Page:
Coronavirus Goes Global, Brent Blasted by Bears
Matt Weller, CFA, CMT February 24, 2020 3:28 PM
Brent is starting to look like its ready to begin another leg lower...
While the spread of the virus in China is showing signs of stabilizing, at least to the extent official numbers can be believed, traders have been alarmed by the spread of the virus in other countries. The absolute number of cases outside of mainland China remain low, but the exponential growth in the number of international cases of COVID-19 is starting to look eerily similar to the timeline we saw on mainland China almost exactly 1 month ago:
Source: Johns Hopkins CSSE, GAIN Capital
Compounded with the already dramatic interruptions to global supply chains in China, traders fear that a rapid spread of the disease to other major economies could be enough to temporarily tip global economic growth into contraction in the first half of the year. Japan, Italy/the Eurozone, and South Korea, where cases grew from 30 to 750 in the last week alone, are the current hotspots to watch.
Of course, the spread of the virus is impacting every major market, but oil has seen one of the strongest reactions. Crude benchmarks in both the US and UK are trading down by over -4% so far today. Focusing on Brent Crude, prices fell roughly -25% peak-to-trough in a month from early January to early February, and after staging a fierce recovery rally over the last two weeks, Brent is starting to look like its ready to begin another leg lower.
Technically speaking, Brent has only been able to recover to the shallow 38.2% Fibonacci retracement level of the previous drop, signaling that sellers remain in control. This level coincides with the 50-day exponential moving average and key psychological level at $60.00, lending it even more significance.
Over the last three days of last week, oil prices carved out a “evening star” candlestick pattern. For the uninitiated, an evening star formation is relatively rare candlestick formation created by a long bullish candle, followed a small-bodied reversal candle near the top of the first candle and completed by a long-bodied bearish candle. It represents a transition from short-term bullish to bearish momentum and often marks a near-term top in the market.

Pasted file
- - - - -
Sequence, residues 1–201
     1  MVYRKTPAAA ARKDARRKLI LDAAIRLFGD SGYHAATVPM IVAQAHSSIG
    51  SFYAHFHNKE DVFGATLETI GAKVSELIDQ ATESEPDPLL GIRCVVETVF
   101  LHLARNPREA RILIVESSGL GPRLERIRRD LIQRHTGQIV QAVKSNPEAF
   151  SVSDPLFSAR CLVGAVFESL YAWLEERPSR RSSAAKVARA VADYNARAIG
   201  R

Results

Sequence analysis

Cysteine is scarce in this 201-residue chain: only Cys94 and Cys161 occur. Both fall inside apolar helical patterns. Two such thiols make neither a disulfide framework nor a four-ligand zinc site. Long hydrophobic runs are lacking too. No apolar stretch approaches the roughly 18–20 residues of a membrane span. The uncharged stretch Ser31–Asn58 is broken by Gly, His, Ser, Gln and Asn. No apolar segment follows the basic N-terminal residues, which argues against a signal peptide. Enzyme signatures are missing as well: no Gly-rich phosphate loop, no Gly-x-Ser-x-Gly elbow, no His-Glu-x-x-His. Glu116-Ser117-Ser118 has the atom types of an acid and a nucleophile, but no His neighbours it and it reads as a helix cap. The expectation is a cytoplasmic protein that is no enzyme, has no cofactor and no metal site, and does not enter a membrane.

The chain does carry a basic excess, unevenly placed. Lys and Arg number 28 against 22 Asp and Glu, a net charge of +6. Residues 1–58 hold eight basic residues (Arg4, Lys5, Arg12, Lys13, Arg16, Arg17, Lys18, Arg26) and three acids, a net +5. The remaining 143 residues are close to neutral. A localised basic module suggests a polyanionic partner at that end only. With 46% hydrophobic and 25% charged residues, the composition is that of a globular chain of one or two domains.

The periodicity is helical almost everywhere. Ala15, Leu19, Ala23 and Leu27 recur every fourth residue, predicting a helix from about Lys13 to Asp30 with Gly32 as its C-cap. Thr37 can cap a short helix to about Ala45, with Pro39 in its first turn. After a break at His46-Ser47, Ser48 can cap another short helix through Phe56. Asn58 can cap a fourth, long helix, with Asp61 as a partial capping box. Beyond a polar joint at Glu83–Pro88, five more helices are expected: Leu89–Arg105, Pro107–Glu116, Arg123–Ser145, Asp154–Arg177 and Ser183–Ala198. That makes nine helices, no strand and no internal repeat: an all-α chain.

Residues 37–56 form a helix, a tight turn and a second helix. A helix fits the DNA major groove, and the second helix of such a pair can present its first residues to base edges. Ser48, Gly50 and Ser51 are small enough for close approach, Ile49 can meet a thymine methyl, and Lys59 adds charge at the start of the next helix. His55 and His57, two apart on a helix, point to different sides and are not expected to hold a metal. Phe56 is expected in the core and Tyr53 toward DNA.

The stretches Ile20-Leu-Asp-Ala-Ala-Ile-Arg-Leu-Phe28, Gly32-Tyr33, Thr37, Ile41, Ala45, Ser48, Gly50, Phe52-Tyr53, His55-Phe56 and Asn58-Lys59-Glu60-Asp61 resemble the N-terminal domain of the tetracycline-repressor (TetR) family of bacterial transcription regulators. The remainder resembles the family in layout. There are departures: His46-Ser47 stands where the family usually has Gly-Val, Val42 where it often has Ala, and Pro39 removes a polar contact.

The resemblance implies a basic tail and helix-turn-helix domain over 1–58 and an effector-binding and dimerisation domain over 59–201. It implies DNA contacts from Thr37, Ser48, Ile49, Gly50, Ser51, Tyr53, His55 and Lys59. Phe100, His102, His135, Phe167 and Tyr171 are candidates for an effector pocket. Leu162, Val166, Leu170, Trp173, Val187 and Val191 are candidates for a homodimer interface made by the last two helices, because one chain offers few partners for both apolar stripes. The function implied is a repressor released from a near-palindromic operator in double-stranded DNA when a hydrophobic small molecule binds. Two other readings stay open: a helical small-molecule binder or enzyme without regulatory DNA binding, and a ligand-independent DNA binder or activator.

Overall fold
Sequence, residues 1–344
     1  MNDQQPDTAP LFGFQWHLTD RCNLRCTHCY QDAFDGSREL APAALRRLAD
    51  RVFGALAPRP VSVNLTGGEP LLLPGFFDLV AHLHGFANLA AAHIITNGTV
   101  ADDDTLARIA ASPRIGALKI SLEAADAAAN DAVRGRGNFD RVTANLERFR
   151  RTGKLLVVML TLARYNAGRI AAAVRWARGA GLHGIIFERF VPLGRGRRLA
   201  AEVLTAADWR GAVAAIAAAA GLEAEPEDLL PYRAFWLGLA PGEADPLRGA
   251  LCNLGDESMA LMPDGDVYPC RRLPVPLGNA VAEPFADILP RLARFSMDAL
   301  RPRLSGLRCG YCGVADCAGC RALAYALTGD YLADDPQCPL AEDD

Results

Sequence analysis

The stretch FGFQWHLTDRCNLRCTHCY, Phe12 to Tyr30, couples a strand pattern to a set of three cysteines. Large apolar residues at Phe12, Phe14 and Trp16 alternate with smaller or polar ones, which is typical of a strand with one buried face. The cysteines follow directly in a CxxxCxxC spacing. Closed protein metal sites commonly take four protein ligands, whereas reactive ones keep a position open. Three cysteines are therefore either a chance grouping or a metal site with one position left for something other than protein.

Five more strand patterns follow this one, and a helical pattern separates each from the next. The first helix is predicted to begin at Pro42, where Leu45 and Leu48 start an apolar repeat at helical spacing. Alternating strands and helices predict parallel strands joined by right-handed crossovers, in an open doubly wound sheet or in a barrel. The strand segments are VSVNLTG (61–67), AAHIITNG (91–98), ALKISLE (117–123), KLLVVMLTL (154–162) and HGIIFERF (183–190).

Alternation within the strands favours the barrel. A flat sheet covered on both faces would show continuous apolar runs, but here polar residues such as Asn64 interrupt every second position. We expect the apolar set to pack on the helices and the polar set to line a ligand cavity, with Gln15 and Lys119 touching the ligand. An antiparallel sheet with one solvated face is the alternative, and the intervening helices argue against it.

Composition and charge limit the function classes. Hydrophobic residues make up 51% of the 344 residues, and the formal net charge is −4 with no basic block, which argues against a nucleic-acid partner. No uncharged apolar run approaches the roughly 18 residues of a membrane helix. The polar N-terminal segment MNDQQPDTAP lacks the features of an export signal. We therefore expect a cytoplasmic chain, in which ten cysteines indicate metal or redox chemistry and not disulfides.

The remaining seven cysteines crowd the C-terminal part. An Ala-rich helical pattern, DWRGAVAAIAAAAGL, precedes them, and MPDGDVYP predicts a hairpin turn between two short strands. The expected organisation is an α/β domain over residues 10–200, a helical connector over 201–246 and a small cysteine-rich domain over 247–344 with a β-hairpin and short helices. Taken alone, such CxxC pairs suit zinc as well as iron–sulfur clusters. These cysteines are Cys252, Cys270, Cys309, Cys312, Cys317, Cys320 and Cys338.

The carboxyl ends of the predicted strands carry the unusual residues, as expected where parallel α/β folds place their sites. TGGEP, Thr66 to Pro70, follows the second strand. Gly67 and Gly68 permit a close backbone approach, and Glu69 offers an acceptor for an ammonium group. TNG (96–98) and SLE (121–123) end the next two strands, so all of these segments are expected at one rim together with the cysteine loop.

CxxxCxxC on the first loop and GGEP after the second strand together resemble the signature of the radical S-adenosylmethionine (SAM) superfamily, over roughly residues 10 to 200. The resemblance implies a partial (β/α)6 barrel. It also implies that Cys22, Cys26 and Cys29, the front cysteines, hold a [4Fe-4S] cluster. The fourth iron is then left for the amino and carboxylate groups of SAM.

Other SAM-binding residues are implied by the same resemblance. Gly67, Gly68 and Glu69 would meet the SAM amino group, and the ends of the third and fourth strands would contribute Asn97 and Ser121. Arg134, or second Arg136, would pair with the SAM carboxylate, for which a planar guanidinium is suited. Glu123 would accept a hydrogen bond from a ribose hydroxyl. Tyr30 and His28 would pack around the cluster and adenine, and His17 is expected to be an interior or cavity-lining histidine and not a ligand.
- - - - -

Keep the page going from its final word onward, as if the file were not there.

Source: TradingView, GAIN Capital
Moving forward, continued worrisome headlines around the spread of coronavirus could take Brent crude oil down to retest the month’s lows near 53.00, which also represents the lowest price that oil has traded at since late 2018. If that level gives way, a continuation toward the 2.5-year lows near $50.00 may come next. At this point, the market’s near-term bearish bias will remain intact as long as prices remain below the key $60.00 level.
Disclaimer: The information on this web site is not targeted at the general public of any particular country. It is not intended for distribution to residents in any country where such distribution or use would contravene any local law or regulatory requirement. The information and opinions in this report are for general information use only and are not intended as an offer or solicitation with respect to the purchase or sale of any currency or CFD contract. All opinions and information contained in this report are subject to change without notice. This report has been prepared without regard to the specific investment objectives, financial situation and needs of any particular recipient. Any references to historical price movements or levels is informational based on our analysis and we do not represent or warranty that any such movements or levels are likely to reoccur in the future. While the information contained herein was obtained from sources believed to be reliable, author does not guarantee its accuracy or completeness, nor does author assume any liability for any direct, indirect or consequential loss that may result from the reliance by any person upon any such information or opinions.
Futures, Options on Futures, Foreign Exchange and other leveraged products involves significant risk of loss and is not suitable for all investors. Losses can exceed your deposits. Increasing leverage increases risk. Spot Gold and Silver contracts are not subject to regulation under the U.S. Commodity Exchange Act. Contracts for Difference (CFDs) are not available for US residents. Before deciding to trade forex and commodity futures, you should carefully consider your financial objectives, level of experience and risk appetite. Any opinions, news, research, analyses, prices or other information contained herein is intended as general information about the subject matter covered and is provided with the understanding that we do not provide any investment, legal, or tax advice. You should consult with appropriate counsel or other advisors on all investment, legal, or tax matters. References to Forex.com or GAIN Capital refer to GAIN Capital Holdings Inc. and its subsidiaries. Please read Characteristics and Risks of Standardized Options.